The Daya Gada Laugh

One laugh.
One laugh that has the power to change so many lives and fortunes.
So first, about the laugh!
It is not easy to describe this laugh in words. At first hear, it almost sounds like a donkey braying, but that’s obviously what it is not! The laugh actually starts a little softly, but then quickly reaches a crescendo, with a staccato of 4-5 “he-he-he”‘s. And despite the fact that Mrs. Daya Gada laughs like this at least once during each episode, it almost always appears spontaneous. You can tell by just looking at her eyes, which never stop twinkling through the entire length of the laugh. It is obvious that Daya is having a blast and perhaps that’s the precise reason why this laugh is so infectious. When Daya Gada laughs, you laugh…it’s very, very difficult not to.
Now, about the lives and fortunes!
This laugh has definitely changed the fortunes of Ms. Disha Vakani, who plays Daya Gada, a “from-the-village-shifted-to-the-city” MTM (Maniben trying to be Mod), who speaks before she thinks, but is not a dimwit (a difficult balancing act), unlike for example, Supriya Pathak’s character in Instant Khichdi. In fact at times, Daya actually turns the tables on her husband, whose favorite response to most Dayaisms, is the retort, “nonsense”. Considering that Ms. Vakani’s filmography till date is quite forgettable, she has obviously seized this opportunity with her hands, legs and every other appendage that she has and immersed herself completely into the Daya Gada character with full abandon, hamming away to glory with a classic Gujju/Kathiawari/Kutchhi accent that works perfectly despite the “loud” performance.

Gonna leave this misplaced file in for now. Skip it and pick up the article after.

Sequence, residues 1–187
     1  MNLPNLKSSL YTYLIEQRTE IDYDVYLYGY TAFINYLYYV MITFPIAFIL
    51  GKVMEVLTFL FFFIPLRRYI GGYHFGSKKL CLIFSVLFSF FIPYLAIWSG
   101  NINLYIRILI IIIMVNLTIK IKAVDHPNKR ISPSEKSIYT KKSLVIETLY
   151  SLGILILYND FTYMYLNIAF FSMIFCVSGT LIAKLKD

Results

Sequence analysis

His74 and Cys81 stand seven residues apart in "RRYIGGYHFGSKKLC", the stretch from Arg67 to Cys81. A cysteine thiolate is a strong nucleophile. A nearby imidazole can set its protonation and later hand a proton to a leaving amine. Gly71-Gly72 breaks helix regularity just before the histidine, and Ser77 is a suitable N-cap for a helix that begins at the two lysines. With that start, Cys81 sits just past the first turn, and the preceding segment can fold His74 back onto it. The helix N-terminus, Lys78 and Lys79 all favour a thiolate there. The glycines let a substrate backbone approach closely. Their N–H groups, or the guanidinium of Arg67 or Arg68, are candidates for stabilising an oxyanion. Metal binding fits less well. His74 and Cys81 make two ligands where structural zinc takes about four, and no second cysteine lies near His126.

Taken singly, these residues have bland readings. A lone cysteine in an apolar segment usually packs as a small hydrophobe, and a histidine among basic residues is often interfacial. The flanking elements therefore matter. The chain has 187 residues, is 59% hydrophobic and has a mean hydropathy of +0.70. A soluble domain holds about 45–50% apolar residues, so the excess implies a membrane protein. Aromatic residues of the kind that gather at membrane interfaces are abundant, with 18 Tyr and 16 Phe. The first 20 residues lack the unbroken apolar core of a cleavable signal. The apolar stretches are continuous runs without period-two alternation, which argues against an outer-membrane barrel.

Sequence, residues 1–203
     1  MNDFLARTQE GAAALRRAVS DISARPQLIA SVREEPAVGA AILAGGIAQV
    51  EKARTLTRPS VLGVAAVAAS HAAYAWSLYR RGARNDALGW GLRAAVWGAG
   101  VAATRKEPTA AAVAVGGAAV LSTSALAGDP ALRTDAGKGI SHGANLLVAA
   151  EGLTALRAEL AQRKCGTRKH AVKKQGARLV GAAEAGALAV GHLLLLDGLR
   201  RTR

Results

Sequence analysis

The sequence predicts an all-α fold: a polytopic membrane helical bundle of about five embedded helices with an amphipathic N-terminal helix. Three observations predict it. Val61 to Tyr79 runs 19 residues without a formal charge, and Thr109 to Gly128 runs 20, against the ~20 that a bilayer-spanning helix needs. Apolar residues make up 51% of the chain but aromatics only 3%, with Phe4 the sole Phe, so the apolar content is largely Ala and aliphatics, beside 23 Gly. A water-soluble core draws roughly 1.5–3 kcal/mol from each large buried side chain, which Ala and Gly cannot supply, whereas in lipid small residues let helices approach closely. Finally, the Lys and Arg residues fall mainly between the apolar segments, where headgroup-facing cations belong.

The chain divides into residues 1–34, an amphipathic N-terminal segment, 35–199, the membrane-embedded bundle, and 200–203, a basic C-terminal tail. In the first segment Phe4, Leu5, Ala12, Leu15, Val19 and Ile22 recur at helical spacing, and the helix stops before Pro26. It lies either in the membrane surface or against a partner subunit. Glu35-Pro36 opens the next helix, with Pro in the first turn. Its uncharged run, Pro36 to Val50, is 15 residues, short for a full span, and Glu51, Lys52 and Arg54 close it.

Her laugh has also brought into the limelight, Mr. Tarak Mehta, a popular Gujarati writer, whose column “Duniyane Undha Chashma”, which translates loosely into “seeing the world through upside-down glasses”, in the weekly Chitralekha, is the basis for this sitcom, “Tarak Mehta ka Ooltah Chashma” (TMOC).
Daya’s laugh is one of the main reasons for the success of TMOC. The sitcom may be in Hindi, but it is Gujarati and Kutchhi at heart, with many community touch-points that I suspect often bounce over the heads of non-Gujju, non-Kutchhi viewers. TMOC’s thrust is supposed to be its so-called social message and theme, especially with respect to Tapu, Daya Gada’s son, Daya actually being just a minor character in the weekly column. However, Ms. Vakani has made Daya’s persona so popular and powerful that TMOC’s focus has now quietly shifted more and more towards Daya Gada and her antics.
This laugh is also one of the reasons for the altered perception of the channel on which TMOC airs. SAB TV till date has been just another channel at the periphery of our consciousness, with no real claim to fame, except perhaps for the sitcom “FIR”, which incidentally also stars another very interesting woman character. In the crowded space of general-purpose Hindi channels, populated by Star Plus, NDTV Imagine, Colors, Real, Zee and Sony, all battling for “saas-bahu”, “orphan/widowed children” and “song-dance reality show” eyeballs, SAB seems to have broken away, by focusing on “comedy” serials and sitcoms. Of all the sitcoms airing currently, TMOC is undoubtedly the best and probably the most popular, having actually managed to draw away viewers from “Jai Shri Krishna” on Colors, which also airs during the same 8.30PM slot.
The power of one laugh.

No Comments

Leave a Reply

Your email is never shared.Required fields are marked *